Front panel removed 
for the mod, an SMT as mentioned already or a through hole resistor. I chose the SMT as the leads from the though hole resistor had to be maneuvered around other SMT resistors. This method seemed to be asking for a short to a neighbouring SMT. It was time to replace a small (and I mean small) SMT resistor in my Elecraft K3. The resistor is supplied by Elecraft along with very detailed
Now that is small!!
instructions. The first step was to remove the front control board from the K3, this would get me access to the area the SMT  resistor was to be installed. With the front panel off and in front of me my next step was to identify R82 in the lower left corner. I located the resistor and the job on a scale of 1-10  was about a 7 for me. So It was now time to heat up the Weller soldering station and get to work. Now having said that I do want to make it clear that I am never really thrilled about placing a soldering iron anywhere close to my rig! Elecraft does offer there services for this if you want to ship them your radio......BUT.....I have done other modes to the Elecraft K3 in the past and without issue. Fortunately the old SMT resistor did not have to be removed, the new one could be mounted on top of it. After some very deep breaths the deed was done and it was time for the smoke test! With the K-pod connected to the K3 I powered up the radio and low and behold the K-pod was alive and well.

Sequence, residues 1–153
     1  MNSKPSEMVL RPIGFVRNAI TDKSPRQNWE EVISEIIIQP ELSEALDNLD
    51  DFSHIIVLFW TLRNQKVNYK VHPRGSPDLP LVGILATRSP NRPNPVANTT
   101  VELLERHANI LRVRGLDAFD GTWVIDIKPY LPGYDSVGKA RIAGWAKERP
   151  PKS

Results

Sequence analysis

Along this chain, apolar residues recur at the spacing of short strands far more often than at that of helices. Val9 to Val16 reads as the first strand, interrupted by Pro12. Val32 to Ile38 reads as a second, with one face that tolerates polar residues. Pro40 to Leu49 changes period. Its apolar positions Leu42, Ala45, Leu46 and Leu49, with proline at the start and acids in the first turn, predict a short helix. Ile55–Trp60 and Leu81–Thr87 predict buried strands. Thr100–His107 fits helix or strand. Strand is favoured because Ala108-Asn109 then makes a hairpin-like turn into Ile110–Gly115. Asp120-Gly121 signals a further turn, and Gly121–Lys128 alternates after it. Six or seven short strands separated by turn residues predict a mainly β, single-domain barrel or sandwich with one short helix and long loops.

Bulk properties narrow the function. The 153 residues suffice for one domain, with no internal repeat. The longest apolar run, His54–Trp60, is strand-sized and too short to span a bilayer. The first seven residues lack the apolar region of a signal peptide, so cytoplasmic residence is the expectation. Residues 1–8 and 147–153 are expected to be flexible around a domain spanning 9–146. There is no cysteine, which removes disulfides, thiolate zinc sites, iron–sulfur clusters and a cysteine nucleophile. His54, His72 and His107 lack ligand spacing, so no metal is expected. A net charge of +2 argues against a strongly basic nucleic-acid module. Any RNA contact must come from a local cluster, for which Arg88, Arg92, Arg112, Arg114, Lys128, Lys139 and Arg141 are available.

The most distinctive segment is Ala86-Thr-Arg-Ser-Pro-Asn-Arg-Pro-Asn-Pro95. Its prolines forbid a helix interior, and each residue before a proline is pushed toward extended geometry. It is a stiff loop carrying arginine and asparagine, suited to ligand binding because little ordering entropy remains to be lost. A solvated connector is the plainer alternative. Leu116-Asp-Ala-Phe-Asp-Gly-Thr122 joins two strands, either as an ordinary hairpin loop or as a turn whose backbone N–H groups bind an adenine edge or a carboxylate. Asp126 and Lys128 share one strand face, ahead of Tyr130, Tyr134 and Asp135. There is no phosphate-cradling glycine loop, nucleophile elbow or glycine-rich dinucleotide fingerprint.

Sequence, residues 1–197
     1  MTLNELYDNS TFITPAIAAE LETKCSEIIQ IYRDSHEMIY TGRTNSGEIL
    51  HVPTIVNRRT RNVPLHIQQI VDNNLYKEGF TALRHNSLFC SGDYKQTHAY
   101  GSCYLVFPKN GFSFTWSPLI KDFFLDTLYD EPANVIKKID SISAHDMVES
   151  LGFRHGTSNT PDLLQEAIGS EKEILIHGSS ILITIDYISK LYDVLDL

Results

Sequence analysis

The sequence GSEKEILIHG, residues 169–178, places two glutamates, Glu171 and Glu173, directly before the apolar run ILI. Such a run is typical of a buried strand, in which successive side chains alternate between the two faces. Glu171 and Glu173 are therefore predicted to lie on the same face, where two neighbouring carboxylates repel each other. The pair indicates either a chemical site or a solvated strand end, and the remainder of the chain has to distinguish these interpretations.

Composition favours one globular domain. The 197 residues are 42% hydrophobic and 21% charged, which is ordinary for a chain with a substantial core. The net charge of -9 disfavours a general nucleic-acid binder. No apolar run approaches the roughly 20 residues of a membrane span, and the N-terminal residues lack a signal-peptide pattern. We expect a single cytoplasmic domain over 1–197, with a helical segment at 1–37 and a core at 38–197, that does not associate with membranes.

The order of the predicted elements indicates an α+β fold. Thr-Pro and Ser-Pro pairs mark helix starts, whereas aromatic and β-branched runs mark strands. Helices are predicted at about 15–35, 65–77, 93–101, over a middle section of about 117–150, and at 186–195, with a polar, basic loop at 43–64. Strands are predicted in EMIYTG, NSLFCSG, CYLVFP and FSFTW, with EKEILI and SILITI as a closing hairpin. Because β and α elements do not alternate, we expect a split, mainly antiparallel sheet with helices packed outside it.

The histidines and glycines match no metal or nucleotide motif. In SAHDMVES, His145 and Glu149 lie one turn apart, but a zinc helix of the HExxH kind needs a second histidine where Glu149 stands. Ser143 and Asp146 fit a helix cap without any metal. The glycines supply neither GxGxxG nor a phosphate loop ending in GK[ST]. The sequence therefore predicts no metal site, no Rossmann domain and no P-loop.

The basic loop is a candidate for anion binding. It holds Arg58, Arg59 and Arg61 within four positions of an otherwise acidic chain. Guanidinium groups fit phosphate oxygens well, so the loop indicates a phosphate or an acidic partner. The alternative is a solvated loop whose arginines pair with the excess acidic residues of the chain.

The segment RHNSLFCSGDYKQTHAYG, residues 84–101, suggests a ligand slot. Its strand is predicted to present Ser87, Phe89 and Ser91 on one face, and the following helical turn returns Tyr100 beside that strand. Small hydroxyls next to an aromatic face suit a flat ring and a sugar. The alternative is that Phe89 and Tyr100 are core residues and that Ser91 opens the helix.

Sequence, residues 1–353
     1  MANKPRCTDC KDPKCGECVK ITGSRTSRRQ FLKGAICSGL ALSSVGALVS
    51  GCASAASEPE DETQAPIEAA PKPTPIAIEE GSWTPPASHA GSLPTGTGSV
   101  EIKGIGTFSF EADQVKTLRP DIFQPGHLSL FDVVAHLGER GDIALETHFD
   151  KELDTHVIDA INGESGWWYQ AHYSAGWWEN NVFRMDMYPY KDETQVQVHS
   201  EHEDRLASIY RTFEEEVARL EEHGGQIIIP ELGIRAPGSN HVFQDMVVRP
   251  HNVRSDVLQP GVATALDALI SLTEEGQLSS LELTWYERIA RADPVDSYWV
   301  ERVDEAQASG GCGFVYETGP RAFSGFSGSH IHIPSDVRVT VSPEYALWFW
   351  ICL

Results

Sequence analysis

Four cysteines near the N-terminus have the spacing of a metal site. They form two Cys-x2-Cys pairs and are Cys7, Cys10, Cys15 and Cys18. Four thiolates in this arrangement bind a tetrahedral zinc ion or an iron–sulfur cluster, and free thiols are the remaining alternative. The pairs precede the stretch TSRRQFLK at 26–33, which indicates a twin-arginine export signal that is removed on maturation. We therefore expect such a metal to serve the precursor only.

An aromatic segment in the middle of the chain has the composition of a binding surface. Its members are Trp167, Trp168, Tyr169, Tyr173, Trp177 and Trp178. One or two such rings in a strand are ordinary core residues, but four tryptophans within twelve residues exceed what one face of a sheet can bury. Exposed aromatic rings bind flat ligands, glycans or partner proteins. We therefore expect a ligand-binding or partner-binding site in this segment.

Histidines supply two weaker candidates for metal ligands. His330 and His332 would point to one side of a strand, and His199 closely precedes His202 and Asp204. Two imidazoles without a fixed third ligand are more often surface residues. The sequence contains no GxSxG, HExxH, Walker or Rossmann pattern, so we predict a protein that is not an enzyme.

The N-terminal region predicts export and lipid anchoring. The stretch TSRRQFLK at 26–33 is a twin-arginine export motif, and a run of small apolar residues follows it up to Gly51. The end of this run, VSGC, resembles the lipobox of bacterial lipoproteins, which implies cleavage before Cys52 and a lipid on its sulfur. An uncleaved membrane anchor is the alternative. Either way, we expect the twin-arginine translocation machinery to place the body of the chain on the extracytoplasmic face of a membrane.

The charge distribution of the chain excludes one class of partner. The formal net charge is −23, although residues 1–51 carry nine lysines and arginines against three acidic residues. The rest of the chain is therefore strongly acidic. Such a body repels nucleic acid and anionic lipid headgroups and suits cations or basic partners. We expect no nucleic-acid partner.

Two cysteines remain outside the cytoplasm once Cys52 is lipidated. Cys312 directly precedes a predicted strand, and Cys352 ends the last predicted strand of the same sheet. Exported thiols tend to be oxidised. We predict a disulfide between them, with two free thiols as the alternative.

The deed was done not pretty but it works fine. 

Mike Weir, VE3WDM, is a regular contributor to and writes from Ontario, Canada. Contact him at [email protected].

To help with your NPOTA withdrawal

There IS a Parks On The Air program that has been up and running for a while.  In the USA, POTA is part of the World Wide Flora and Fauna program, which is international in scope.  Like NPOTA, WWFF was devised in order to get Amateur Radio ops off their duffs and into the Great Outdoors. I love their catch phrase - "Make nature your shack!"